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Is this the end of the Monday-Friday commute?

Transport watchdog calls for urgent rail fares reform

Mark Moran
16 July 2020
The pandemic has changed the way we travel
The pandemic has changed the way we travel

 

With normal working patterns disrupted by the pandemic, independent watchdog Transport Focus is calling for rail fares reform.

Transport Focus’s latest Travel during COVID-19 survey shows people’s travel patterns have changed and suggests that they are unlikely to return to the typical Monday-Friday commute any time soon.

Half of people in the survey of 2,000 people expect to work from home more often in the future and more than a third (36%) think their job will be home-based with limited travel to their workplace.

In the wake of the COVID-19 pandemic Transport Focus is thus urging the Government to reform the fares and ticketing system to offer better value. This could include more flexible season tickets or ‘carnets’ (which offer a discount for multiple journeys when bought upfront) for people returning to work part-time in the office and to suit the way people travel now.

Writing to Transport Secretary Grant Shapps said, Transport Focus chief executive Anthony Smith, said: “Passenger views on the current structure are well known: complicated, illogical, expensive, low levels of trust. A new railway needs a 21st century retail offer, especially when it may need to stimulate demand and persuade passengers to return.

“Changing work patterns will increase demand for flexible season tickets. People working from home for two-three days a week will not want to pay for a traditional season ticket offer but will still expect some recognition that they are a regular, if less frequent, traveller.

“We hope that consideration can be given to accelerating the provision of carnet/flexible season style tickets. As well as improving the work life balance for passengers this could also help manage demand in the coming months when capacity is scarcer.”

In his reply, the Transport Secretary said: “As we move from the lockdown into recovery, it is important that we get the balance right in the short and medium term between managing demand and ensuring that we provide better value for money for passengers going forward. We continue to work with the Rail Delivery Group and the industry to ensure we collectively understand what is already available today for part-time commuters, such as carnets, and what steps could be taken quickly to make these as useful and convenient as possible for passengers.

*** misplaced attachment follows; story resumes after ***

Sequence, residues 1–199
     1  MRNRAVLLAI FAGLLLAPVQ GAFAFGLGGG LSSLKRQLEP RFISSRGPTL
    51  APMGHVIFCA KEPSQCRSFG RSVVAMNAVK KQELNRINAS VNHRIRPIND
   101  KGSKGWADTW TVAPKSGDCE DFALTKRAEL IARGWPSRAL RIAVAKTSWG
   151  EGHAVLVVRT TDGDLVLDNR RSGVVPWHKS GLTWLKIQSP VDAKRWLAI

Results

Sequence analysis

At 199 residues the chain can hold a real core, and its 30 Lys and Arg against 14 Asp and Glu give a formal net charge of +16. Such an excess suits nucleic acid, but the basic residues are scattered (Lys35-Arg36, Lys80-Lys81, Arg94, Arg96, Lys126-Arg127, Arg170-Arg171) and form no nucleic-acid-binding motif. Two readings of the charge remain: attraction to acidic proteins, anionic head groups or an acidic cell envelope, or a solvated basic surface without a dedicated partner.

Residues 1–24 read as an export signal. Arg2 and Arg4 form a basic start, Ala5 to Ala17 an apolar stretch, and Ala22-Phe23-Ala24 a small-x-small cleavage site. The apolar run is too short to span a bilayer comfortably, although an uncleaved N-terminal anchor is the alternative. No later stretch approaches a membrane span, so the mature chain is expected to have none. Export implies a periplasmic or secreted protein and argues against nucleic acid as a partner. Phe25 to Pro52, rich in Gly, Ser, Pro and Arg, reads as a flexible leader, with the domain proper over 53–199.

“Once we have this clearer picture we would welcome a discussion with your officials.  We hope to publish a white paper based on the Williams Rail Review in the coming months. Both Keith Williams and I have been clear that better outcomes for passengers can be achieved by reforming fares and ticketing. We agree that fares reform is fundamental to the creation of a modern, customer focused railway and the review represents an essential step towards a major system change.”

Transport Focus said its research shows that rail passengers want a fares system that is simple to use, easy to understand and is flexible enough to cater to how people work and travel today.

Transport Focus said over the past decade research has shown the need to modernise the retail offer from the railway. Many passengers see the fares structure as complicated and confusing and some passengers are not confident in their ability to buy the cheapest or best ticket.

The ‘Easier Fares’ consultation in 2018 with the rail industry confirmed an overwhelming desire amongst passengers for change with more than 80% people wanting the fares system overhauled.

Just one-in-three commuters were satisfied with value for money of their ticket in Transport Focus’s latest National Rail Passenger Survey showing pent up demand for better value fares.

What passengers say:

  • Monthly ticket holder, South Western Railway: “Changing work patterns will probably result in most of my job being based from home and trips to the office will be too infrequent to make a season ticket financially beneficial.”
  • Annual ticket holder, Southeastern: “I want the plan for carnet type tickets to be brought forward with some urgency – not much point buying a season type ticket when we might be hotdesking or indeed working more from home.”
  • Annual ticket holder, Northern: “Even when the office reopens I expect I will be going there fewer than two days a week. Unfortunately there’s no flexible ticket offering for regular part-time travellers.”
  • Annual season ticket holder: “Being able to buy a three days per week season ticket, rather than full time, is important for me. I’d like more flexibility so I can work from home sometimes, or travel on different days of the week.”
 
 
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